The seasonal availability of light and micronutrients strongly regulates productivity in the Southern Ocean, restricting biological utilization of macronutrients and CO2 drawdown. Mineral dust flux is a key conduit for micronutrients to the Southern Ocean and a critical mediator of multimillennial-scale atmospheric CO2 oscillations. While the role of dust-borne iron (Fe) in Southern Ocean biogeochemistry has been examined in detail, manganese (Mn) availability is also emerging as a potential driver of past, present, and future Southern Ocean biogeochemistry. Here, we present results from fifteen bioassay experiments along a north–south transect in the undersampled eastern Pacific sub-Antarctic zone. In addition to widespread Fe limitation of phytoplankton photochemical efficiency, we found further responses following the addition of Mn at our southerly stations, supporting the importance of Fe–Mn co-limitation in the Southern Ocean. Moreover, addition of different Patagonian dusts resulted in enhanced photochemical efficiency with differential responses linked to source region dust characteristics in terms of relative Fe/Mn solubility. Changes in the relative magnitude of dust deposition, combined with source region mineralogy, could hence determine whether Fe or Mn limitation control Southern Ocean productivity under future as well as past climate states.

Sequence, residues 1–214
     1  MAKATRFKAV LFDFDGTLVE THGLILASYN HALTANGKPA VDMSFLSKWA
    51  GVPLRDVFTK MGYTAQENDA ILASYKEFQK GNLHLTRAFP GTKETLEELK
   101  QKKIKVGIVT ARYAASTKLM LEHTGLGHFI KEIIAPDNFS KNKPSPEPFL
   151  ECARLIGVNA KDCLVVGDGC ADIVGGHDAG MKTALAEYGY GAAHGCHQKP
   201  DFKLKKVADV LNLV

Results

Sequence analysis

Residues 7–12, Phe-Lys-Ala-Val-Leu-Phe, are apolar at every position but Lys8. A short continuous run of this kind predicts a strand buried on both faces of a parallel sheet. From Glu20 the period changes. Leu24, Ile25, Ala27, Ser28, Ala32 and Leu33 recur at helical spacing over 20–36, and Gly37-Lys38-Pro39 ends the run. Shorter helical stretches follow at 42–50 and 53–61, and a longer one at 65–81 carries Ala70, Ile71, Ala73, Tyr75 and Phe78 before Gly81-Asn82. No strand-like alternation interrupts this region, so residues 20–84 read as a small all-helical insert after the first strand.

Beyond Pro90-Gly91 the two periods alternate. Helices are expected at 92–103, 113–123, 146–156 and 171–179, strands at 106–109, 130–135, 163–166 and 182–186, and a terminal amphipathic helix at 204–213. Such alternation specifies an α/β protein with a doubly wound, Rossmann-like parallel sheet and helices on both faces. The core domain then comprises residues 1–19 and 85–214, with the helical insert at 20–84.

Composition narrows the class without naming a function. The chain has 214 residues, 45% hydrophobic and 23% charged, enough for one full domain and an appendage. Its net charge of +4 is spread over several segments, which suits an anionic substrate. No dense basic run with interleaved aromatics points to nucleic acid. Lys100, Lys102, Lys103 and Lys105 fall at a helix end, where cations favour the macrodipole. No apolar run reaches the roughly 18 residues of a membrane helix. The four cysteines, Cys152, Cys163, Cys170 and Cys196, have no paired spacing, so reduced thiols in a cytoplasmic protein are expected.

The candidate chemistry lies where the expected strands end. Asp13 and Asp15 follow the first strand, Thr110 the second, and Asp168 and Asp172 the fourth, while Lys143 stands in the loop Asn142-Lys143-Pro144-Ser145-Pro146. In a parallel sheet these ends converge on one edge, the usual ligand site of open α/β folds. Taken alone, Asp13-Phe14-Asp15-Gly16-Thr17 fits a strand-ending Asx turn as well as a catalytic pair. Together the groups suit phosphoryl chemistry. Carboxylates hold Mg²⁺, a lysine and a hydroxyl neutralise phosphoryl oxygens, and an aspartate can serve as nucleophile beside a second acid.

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Proceedings of the National Academy of Sciences



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School of Geography, Earth and Environmental Sciences